The memoirs in Looking Back recently of former pet shop owner Elizabeth Wright has prompted Eastbournian Peter Goldsmith to write in.
Mr Goldsmith, of Chiswick Place, who with his wife Anne was known as Karl Reno and Kay, writes, “It was while doing my National Service in Germany that I remembered the things I had done in my life.
“I remembered mostly the magic I had been performing since the age of six.
“Now I was planning on producing live budgerigars. As soon as my service contract had finished I spent many hours practicing with the birds. The hardest thing was to make them sit still – if you watch a bird they do not sit still.
“It wad during this period that I met and married my wife Anne. That was 56 years ago: a lot has happened since then.
“When we were ready we travelled to London many times for auditions, which was really hard work.
“We eventually managed to secure a contract for six weeks at the famous Windmill Theatre in the West End – six shows a day.
“Sheila Van Dam stopped us halfway through the act and said that’s enough and we knew we were in.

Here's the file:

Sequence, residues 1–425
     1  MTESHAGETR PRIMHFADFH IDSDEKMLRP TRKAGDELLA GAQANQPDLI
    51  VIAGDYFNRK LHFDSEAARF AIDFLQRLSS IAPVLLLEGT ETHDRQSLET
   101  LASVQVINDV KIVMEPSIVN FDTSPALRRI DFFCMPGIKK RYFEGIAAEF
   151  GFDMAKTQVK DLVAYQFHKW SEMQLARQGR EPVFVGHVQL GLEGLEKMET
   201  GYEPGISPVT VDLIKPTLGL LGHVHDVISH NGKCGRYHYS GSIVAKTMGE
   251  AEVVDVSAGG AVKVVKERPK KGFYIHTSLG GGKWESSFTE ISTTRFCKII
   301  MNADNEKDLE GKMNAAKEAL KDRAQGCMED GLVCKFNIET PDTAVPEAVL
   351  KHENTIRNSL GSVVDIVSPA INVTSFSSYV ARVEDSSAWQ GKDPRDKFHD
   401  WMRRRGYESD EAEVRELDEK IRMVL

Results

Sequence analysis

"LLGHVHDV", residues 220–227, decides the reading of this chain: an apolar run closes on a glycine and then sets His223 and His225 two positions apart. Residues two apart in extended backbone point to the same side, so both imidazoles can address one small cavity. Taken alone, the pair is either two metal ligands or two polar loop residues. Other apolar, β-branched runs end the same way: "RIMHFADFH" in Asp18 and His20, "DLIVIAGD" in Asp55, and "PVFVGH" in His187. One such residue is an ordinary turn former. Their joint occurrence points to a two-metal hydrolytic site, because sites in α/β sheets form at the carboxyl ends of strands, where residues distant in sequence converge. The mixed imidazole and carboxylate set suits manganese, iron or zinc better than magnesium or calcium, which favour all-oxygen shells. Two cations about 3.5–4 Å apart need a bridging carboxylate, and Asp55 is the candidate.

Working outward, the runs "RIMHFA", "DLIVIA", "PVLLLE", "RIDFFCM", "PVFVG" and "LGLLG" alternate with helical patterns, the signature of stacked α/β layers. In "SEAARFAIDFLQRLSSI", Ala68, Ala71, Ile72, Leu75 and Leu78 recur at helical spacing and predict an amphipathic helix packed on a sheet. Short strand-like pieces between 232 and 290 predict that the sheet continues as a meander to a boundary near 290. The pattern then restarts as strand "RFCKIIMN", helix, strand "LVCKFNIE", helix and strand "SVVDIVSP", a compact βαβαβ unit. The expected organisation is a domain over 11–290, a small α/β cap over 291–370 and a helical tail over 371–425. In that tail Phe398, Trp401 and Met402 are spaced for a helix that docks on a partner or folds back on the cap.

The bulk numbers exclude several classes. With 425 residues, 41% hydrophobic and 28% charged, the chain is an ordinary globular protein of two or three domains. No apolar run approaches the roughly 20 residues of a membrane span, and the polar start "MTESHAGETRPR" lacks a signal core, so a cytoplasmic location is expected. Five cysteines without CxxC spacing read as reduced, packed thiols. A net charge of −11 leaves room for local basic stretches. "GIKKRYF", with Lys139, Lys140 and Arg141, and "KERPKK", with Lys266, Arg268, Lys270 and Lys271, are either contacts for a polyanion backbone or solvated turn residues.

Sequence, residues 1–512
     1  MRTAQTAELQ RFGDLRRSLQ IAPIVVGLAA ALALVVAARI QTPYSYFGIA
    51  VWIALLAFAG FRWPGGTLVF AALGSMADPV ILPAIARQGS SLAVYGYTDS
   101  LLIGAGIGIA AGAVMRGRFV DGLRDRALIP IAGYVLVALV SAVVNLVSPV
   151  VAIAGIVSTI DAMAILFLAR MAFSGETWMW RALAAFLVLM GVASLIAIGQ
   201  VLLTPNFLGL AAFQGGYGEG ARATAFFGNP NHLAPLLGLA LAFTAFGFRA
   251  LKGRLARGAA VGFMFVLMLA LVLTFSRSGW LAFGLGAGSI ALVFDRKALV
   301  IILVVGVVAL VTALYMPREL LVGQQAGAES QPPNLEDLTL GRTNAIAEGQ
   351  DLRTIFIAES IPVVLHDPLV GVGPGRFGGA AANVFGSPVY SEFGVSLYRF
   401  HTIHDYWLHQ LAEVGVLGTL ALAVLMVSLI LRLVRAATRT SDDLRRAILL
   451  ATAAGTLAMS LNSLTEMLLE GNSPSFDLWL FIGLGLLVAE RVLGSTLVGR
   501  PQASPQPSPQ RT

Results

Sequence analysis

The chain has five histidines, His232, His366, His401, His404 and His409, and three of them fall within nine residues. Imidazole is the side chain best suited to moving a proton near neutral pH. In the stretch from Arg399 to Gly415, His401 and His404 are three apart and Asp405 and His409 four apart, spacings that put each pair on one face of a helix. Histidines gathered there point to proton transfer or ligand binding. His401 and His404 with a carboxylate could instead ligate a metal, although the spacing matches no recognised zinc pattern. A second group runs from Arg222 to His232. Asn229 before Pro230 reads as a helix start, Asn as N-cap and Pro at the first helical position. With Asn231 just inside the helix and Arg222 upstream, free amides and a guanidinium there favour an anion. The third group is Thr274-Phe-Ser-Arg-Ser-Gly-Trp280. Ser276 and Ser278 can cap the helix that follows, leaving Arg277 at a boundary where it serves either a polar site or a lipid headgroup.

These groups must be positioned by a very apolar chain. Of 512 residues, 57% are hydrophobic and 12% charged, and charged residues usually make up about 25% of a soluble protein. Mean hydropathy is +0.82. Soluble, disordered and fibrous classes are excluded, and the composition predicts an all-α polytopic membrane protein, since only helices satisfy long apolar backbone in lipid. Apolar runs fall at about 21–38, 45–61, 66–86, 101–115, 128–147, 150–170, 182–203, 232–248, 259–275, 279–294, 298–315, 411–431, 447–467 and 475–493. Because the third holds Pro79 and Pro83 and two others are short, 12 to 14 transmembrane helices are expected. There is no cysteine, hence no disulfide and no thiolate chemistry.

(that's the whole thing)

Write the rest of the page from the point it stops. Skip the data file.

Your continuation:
“We soon expanded the act – two rabbits, two or three doves and a monkey.
“As soon as one performance was finished we had to prepare for the next.
“When we completed each day at the Windmill we had to take all the animals round to the Stork Room, Winston’s, New Bagatelle and any others.
“It was while appearing at the Windmill that Anne slipped on a glass stage and a dove flew from the stage to the circle and we did not get it back until the end.
“This was the only time the family and friends came to watch us. It was far too expensive in the night clubs.
“We travelled from one end of the country to the other performing for children and adults.
“We stayed in our caravan behind a pub in Brixton because it was so near the Windmill Theatre.
“In the end we have it all up as we wanted to have children.
“Mark was the first and a good son he has turned out to be, followed by our daughter Tracey, also a lovely person. Unfortunately they both live away from Eastbourne.
“When I was only about 10 years old, I helped at the Royal Hippodrome and in the interval purchased sandwiches from Chez Maurice restaurant next door and for that Max Miller, who was top of the bill, gave me about £25.”
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